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Woods Hole Coastal and Marine Science Center

Interpolation of Reconnaissance Multibeam Bathymetry from North-Central Long Island Sound
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Introduction

Introduction

Figure 1. Map showing locations of <abbr>NOAA</abbr> surveys H11043, H11044, and H11045.
Figure 1. Map showing locations of NOAA surveys H11043, H11044, and H11045. Click on figure for larger image.

The U.S. Geological Survey (USGS), in cooperation with the National Oceanic and Atmospheric Administration (NOAA) and the Connecticut Department of Environmental Protection (CT DEP), has produced detailed maps of the sea floor in Long Island Sound, a major East Coast estuary surrounded by the most densely populated region of the United States (fig. 1). The current phase of this cooperative research program is directed toward studies of sea-floor topography and its effect on the distributions of sedimentary environments and benthic communities. Because anthropogenic wastes, toxic chemicals, and changes in land-use patterns resulting from residential, commercial, and recreational development have stressed the environment of the Sound, causing degradation and potential loss of benthic habitats (Koppelman and others, 1976; Long Island Sound Study, 1994), detailed maps of the sea floor are needed to help evaluate the extent of adverse impacts and to help manage resources wisely in the future.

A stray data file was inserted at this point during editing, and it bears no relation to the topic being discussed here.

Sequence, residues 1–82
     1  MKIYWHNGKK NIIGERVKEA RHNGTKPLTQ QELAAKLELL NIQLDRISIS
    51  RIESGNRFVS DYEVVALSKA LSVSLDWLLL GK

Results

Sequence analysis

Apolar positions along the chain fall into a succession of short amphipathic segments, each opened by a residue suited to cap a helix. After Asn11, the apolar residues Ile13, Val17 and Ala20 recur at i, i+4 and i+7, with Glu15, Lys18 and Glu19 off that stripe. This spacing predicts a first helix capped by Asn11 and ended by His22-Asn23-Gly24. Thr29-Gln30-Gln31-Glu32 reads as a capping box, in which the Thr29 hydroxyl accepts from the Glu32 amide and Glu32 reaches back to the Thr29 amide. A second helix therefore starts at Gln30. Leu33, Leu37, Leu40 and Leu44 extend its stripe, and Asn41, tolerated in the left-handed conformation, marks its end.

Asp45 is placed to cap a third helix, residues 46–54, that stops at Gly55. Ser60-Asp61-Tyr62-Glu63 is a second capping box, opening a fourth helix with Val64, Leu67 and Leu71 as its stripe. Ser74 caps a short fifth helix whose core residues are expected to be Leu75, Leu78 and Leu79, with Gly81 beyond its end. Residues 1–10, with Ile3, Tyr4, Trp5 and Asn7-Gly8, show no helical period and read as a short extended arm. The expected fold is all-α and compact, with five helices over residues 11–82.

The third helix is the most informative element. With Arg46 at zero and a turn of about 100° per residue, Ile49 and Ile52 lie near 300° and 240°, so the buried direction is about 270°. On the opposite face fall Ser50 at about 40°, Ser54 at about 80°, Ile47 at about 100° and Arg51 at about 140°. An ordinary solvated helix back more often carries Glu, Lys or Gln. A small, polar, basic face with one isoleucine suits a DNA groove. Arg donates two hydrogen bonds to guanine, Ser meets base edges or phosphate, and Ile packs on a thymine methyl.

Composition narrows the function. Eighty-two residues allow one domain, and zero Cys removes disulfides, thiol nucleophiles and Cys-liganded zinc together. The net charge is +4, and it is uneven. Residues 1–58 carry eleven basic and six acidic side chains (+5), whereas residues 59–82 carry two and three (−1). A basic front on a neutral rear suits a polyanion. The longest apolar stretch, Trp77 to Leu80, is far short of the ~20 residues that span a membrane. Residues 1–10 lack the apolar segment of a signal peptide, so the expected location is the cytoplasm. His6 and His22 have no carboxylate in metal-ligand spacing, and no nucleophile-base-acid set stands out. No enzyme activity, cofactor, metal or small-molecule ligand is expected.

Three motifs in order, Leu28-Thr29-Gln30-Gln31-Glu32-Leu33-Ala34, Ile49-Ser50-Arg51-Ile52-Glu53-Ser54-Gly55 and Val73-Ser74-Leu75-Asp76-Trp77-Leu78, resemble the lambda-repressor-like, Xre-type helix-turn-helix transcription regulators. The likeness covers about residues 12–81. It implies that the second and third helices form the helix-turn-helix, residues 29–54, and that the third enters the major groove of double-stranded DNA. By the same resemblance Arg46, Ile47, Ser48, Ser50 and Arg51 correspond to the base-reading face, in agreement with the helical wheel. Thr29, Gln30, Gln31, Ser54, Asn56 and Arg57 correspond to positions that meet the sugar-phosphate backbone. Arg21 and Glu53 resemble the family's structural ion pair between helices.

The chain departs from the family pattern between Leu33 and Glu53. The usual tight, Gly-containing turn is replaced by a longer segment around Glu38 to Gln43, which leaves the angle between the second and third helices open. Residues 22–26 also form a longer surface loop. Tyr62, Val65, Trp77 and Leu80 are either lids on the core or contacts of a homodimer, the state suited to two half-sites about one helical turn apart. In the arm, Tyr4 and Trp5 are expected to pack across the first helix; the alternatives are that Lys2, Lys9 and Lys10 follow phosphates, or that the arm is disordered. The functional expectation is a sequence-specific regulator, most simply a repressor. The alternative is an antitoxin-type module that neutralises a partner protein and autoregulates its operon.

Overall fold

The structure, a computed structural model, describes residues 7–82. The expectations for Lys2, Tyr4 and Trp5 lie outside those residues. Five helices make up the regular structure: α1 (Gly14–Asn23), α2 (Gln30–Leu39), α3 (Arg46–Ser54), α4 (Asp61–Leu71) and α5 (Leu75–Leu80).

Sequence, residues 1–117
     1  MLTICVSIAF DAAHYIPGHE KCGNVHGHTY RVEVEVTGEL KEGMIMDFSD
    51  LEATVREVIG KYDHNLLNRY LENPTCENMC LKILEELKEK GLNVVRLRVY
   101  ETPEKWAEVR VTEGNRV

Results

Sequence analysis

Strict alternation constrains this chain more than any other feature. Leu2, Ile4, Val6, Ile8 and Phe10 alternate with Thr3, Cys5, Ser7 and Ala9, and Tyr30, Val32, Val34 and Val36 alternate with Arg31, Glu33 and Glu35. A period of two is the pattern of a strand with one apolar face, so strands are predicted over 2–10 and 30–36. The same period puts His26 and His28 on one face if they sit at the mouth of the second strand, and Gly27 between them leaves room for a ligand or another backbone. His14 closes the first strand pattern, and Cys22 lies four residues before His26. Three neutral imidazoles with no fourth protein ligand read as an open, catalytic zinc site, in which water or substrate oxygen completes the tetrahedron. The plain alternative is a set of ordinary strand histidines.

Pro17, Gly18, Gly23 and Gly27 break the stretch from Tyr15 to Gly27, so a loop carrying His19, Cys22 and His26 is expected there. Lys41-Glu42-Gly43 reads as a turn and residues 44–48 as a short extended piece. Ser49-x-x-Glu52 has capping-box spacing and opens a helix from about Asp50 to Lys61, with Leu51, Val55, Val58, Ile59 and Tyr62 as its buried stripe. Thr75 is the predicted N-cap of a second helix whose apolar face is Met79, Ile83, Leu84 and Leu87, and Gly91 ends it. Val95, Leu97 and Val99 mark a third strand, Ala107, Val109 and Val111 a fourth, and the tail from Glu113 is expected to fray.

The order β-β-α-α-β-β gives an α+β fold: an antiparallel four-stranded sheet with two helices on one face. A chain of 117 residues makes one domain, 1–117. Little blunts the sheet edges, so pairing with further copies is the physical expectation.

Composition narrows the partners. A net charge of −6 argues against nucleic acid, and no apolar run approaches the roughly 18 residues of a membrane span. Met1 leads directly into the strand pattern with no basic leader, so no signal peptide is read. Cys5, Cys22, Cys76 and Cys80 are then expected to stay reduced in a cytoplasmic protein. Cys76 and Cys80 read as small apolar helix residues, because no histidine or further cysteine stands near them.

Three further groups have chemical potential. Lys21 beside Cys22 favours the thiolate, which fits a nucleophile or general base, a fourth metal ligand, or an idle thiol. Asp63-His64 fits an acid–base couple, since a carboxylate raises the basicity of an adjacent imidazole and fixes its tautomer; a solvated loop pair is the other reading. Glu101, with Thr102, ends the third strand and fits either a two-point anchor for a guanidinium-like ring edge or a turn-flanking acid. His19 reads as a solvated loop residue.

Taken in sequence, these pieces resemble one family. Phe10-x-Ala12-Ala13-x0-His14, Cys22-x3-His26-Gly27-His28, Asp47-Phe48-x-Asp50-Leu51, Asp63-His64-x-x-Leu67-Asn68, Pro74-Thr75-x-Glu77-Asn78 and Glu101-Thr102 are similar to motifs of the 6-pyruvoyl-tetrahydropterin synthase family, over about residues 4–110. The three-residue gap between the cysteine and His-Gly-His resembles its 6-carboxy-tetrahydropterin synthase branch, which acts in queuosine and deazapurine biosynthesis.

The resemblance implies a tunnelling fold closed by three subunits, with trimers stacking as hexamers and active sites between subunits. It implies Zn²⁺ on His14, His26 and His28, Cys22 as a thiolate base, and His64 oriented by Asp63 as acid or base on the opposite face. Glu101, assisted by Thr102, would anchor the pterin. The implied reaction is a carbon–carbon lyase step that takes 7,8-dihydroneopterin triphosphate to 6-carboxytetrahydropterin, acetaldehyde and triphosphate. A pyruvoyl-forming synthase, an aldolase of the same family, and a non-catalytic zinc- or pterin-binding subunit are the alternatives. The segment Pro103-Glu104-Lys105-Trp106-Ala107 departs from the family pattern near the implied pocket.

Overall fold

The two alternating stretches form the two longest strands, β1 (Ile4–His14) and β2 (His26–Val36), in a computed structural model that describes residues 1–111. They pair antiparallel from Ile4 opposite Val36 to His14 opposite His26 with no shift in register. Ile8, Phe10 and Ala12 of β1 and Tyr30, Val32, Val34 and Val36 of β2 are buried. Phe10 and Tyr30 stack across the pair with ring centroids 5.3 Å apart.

Figure 2. Example of a portion of the 1-m contoured bathymetry from DiGiacomo-Cohen and others (1998)..
Figure 2. Example of a portion of the 1-m contoured bathymetry from DiGiacomo-Cohen and others (1998). Click on figure for larger image.

Two digital regional bathymetric data sets are available for the Long Island Sound basin. The first is a 1-m contour coverage that was produced from National Ocean Service bathymetric topographic sheets and bathymetric fishing maps by Applied Geographics, Inc., using table digitizing and scanning/vectorization (DiGiacomo-Cohen and others, 1998) (fig. 2). The second data set is a 3 arc second topographic grid constructed for use in circulation and modeling studies (Signell and Farris, 1998; Signell and others, 2000). This data set was produced from data used to construct the contour coverage described above supplemented by other more limited bathymetry data. Cell size in this 3 arc second grid varies, but is approximately 92 m north-south by 68.8-70.9 m east-west, depending on the latitude. Unfortunately, while good for general overviews, neither of these regional bathymetric data sets contains enough detail to meet current research and management requirements.

In this report, we present data from reconnaissance acoustic bathymetric surveys, primarily single-beam and shallow-water multibeam echosoundings, which have been interpolated and regridded into complete-coverage data sets and images of the sea floor (fig. 1). These bathymetric data sets serve many purposes, including:

  1. defining the topographic variability of the sea floor, which is one of the primary controls of benthic habitat diversity;
  2. improving our understanding of the oceanographic processes controlling the distribution and transport of bottom sediments and the distribution of benthic habitats and associated infaunal community structures; and
  3. providing a detailed framework for future research, monitoring, and management activities.

These data sets can also serve as base maps for subsequent sedimentological, geochemical, and biological observations, because precise information on environmental setting is important for selection of sampling sites and for accurate interpretation of point measurements.

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